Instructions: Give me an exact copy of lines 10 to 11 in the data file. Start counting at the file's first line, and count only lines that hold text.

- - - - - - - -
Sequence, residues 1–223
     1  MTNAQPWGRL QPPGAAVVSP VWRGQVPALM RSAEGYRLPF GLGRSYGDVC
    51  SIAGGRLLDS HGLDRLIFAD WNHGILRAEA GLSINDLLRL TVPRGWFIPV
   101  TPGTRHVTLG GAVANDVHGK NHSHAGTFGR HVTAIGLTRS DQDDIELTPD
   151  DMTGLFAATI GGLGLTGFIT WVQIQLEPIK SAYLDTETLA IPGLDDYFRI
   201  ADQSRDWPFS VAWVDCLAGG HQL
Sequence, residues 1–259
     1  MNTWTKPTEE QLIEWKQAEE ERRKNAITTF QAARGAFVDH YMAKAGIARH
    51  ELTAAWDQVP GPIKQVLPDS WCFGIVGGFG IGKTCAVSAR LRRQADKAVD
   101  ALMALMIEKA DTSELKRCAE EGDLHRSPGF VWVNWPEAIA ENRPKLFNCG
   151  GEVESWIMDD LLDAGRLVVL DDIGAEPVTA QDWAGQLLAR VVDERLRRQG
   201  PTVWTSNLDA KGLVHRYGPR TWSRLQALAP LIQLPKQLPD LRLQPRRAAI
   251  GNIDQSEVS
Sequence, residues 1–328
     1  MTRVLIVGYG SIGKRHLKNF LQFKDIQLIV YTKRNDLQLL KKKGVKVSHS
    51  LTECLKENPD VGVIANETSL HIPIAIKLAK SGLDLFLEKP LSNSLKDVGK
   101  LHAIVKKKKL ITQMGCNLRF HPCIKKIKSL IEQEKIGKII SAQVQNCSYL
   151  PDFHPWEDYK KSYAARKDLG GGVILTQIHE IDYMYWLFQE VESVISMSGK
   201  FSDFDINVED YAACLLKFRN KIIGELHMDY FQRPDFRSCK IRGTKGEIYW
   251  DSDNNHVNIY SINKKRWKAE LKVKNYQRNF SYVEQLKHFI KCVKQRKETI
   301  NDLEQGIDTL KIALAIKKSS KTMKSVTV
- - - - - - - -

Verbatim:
   101  ALMALMIEKA DTSELKRCAE EGDLHRSPGF VWVNWPEAIA ENRPKLFNCG
   151  GEVESWIMDD LLDAGRLVVL DDIGAEPVTA QDWAGQLLAR VVDERLRRQG